But even this figure is to be taken with tweezers. "It all depends on the context, 80% is not enough if you have to check every report," says Jean-Luc Dugelay, a teacher at the Eurocom engineering school and a specialist in image processing. He gives the example of the airport where tens of thousands of people are likely to go through the mill of a facial recognition system. Even with a reliability rate of 80%, it still leaves thousands of cases where the alarm may be triggered wrongly, or otherwise not at all.
Behind this percentage often cited as an example, there are also very different realities. "When conditions are under control, facial recognition works very well," notes Jean-Luc Dugelay. That is, if parameters such as lighting, position and distance to the camera, or any makeup, are similar between the time of the registration of the face and its verification, the algorithms are hard to fool. For example, there is no point in growing a beard or wearing sunglasses.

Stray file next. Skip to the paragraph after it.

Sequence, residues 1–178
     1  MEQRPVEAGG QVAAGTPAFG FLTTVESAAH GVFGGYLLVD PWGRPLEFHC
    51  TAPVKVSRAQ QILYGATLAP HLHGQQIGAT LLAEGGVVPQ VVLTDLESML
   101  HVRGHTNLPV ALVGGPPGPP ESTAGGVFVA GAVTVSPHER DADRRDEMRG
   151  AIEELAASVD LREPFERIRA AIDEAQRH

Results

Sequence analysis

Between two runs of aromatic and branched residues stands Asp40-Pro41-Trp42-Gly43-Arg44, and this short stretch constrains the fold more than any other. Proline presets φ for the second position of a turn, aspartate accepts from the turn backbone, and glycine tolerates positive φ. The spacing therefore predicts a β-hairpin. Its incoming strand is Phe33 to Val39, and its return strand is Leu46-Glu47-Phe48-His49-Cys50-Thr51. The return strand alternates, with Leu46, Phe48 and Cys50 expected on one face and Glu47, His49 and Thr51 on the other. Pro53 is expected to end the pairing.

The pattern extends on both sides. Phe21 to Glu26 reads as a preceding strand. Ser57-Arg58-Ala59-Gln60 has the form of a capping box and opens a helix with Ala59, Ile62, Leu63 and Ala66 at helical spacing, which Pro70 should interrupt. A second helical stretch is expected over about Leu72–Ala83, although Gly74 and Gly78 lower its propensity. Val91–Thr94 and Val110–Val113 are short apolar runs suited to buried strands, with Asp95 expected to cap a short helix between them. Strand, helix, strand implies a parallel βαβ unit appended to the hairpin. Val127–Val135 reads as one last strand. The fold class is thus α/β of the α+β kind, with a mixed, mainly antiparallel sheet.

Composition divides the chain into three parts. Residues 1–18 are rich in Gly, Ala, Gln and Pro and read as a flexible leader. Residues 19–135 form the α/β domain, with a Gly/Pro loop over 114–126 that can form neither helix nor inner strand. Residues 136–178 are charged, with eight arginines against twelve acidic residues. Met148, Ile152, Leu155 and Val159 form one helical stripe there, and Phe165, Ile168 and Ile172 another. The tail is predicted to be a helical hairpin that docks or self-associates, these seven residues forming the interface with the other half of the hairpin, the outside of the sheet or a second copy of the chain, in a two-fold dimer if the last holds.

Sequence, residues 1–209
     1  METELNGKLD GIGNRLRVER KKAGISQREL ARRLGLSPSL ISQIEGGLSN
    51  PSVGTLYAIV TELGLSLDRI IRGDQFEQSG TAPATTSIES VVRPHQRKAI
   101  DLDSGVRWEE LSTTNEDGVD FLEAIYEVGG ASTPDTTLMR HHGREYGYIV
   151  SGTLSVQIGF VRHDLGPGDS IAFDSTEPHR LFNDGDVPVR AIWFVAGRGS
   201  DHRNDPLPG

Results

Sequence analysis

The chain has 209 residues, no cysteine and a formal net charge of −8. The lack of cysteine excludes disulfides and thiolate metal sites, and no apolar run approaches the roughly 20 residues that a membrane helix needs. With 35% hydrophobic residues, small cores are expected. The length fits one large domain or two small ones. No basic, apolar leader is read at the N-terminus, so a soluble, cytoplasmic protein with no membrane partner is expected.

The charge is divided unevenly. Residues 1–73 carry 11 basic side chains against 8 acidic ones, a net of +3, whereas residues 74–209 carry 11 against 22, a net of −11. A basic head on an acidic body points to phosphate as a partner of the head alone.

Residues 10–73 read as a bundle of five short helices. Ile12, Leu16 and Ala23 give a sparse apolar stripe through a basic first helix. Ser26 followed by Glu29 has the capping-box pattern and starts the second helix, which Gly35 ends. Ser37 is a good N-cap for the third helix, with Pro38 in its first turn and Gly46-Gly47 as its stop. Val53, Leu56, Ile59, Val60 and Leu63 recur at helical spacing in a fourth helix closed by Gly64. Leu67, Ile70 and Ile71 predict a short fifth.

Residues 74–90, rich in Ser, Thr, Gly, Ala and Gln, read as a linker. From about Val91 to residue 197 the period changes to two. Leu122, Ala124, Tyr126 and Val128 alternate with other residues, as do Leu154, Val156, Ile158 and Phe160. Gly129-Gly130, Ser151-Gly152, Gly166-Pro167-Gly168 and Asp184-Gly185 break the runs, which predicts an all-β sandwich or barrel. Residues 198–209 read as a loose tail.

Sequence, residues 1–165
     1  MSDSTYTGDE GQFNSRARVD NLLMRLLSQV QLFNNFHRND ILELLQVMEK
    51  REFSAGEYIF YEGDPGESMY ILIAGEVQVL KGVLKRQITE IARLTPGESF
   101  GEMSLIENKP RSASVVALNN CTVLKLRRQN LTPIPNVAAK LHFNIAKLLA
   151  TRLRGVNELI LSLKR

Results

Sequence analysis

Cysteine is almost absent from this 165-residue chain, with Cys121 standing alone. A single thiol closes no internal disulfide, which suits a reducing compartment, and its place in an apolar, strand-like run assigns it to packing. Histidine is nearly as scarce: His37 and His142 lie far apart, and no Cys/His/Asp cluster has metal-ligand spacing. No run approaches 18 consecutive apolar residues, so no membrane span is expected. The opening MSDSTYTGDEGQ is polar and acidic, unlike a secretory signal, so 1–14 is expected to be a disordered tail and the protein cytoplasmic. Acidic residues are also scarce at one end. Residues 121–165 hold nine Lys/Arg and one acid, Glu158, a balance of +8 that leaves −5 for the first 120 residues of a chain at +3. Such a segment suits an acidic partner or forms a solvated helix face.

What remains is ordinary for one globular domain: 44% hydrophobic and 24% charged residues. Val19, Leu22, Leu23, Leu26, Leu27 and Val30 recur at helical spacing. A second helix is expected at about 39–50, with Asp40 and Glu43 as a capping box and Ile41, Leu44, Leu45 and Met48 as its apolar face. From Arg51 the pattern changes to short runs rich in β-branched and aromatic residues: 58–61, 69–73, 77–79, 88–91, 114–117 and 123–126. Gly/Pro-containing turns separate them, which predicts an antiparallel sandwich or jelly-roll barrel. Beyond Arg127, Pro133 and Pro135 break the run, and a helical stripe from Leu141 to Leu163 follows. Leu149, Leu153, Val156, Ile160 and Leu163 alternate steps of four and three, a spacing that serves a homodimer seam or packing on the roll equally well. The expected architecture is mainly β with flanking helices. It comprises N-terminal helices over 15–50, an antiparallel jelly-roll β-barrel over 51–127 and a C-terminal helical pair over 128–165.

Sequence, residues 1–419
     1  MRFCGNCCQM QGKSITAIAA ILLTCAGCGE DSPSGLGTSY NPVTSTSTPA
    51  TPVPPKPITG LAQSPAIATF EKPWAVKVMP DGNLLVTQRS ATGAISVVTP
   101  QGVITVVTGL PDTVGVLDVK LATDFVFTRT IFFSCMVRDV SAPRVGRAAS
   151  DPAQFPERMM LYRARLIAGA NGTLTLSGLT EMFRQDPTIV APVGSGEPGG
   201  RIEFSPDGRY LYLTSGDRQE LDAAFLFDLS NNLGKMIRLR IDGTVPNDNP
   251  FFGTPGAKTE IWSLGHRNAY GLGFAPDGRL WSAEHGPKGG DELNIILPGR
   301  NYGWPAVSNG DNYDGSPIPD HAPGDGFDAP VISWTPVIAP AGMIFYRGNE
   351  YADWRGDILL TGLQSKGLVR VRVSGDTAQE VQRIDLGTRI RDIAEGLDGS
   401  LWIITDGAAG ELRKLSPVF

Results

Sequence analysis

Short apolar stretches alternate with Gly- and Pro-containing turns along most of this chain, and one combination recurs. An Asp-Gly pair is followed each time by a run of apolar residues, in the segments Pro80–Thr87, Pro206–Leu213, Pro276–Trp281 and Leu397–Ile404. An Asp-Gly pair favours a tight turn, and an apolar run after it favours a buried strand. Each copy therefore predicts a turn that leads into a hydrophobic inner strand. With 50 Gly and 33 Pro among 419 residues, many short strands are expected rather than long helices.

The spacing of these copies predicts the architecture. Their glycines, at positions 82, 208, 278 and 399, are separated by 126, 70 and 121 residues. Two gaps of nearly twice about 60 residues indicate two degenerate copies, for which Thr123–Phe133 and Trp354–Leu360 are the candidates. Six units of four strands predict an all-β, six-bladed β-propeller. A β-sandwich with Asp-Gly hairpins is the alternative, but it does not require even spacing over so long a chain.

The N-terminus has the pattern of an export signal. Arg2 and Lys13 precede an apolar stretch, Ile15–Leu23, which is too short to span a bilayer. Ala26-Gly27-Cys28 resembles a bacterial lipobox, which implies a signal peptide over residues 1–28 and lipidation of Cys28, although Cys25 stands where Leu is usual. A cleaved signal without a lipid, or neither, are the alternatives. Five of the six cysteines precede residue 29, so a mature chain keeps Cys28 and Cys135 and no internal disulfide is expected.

But "it becomes more complicated when it comes to video surveillance biometrics," said the French expert. The comparison is more hazardous between photos in a file and images captured in the street where people can have a part of their face hidden, to be too far from the eye of Big Brother or in a poorly lit place. "We also know for example that in the current state, most facial recognition systems are struggling when the photo used for identification is more than six years old," says Davis.